A victory of sorts

Published : Dec 05, 2003 00:00 IST

The Liberal Democratic Party-led coalition wins the elections to Japan's lower House of Parliament, but it might find the going tough in the mid-2004 elections to the upper House.

in Singapore

THE dilemma of re-interpreting a major electoral verdict in order to overcome one's own discomfort - a prospect that political leaders often dread in democracies - has come to haunt Japanese Prime Minister Junichiro Koizumi in the immediate context of the snap general elections that was held, at his choice, on November 9.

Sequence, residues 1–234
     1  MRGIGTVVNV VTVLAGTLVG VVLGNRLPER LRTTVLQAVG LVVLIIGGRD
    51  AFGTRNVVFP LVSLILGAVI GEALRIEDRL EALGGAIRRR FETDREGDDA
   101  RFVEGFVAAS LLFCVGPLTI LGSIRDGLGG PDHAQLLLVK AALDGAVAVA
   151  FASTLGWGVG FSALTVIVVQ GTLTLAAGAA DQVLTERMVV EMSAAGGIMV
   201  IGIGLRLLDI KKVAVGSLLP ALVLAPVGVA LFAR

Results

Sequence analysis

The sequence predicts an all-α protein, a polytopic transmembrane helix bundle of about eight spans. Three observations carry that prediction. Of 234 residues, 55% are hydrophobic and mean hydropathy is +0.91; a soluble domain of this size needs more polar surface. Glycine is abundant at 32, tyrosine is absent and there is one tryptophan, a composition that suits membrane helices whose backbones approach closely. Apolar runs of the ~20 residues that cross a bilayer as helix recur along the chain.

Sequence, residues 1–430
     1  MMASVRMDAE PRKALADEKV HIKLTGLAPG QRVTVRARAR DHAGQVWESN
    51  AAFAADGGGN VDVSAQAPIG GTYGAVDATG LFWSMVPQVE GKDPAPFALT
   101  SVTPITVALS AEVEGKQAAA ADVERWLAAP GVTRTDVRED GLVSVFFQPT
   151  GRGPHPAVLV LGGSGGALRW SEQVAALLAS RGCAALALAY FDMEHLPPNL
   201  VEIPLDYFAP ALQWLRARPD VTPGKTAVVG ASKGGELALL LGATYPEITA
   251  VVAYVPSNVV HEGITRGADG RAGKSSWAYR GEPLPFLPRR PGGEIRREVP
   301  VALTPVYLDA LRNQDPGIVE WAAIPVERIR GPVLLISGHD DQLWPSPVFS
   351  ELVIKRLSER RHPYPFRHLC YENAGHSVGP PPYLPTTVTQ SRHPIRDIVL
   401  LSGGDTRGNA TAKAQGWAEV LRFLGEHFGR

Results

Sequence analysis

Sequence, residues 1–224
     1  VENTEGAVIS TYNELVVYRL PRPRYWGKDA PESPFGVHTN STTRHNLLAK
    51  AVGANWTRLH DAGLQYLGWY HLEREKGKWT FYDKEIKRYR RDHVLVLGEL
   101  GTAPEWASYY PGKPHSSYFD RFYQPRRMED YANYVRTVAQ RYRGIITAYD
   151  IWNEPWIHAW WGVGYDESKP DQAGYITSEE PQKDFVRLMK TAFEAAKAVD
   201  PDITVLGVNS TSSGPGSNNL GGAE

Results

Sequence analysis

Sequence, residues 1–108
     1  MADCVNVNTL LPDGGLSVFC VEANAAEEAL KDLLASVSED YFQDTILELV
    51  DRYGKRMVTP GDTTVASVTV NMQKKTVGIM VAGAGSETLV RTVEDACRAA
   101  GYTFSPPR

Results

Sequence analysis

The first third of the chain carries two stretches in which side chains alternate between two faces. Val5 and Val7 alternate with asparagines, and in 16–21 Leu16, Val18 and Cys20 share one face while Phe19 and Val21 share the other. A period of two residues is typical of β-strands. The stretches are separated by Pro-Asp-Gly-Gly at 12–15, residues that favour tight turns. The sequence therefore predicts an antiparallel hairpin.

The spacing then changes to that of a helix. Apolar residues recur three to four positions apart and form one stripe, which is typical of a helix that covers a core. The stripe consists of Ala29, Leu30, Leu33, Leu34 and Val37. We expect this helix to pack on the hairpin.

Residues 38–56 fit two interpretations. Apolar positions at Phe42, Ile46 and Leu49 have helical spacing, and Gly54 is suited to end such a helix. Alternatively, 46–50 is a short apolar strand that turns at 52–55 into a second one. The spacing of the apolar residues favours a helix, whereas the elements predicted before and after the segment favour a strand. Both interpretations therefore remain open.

As in comparable situations elsewhere, Koizumi's first post-result reaction in Tokyo was to emphasise his coalition's collective victory and gloss over the losses suffered by his Liberal Democratic Party (LDP). More important, the main Opposition party, the Democratic Party of Japan (DPJ or Minshuto), made dramatic gains in the new House of Representatives, the more powerful lower chamber in a bicameral Parliament. The result has raised the prospects of an eventual emergence of a two-party system, with or without satellites around the main rivals. The result also marks the beginning of a reality check about the possibly waning `dominance' of LDP as virtually the sole arbiter of Japanese politics. The question, therefore, is whether Koizumi can at all regard the `momentum' of his narrow victory, itself a matter of some electoral definitions, as a sufficient motive force that he could harness to pursue his "reform agenda".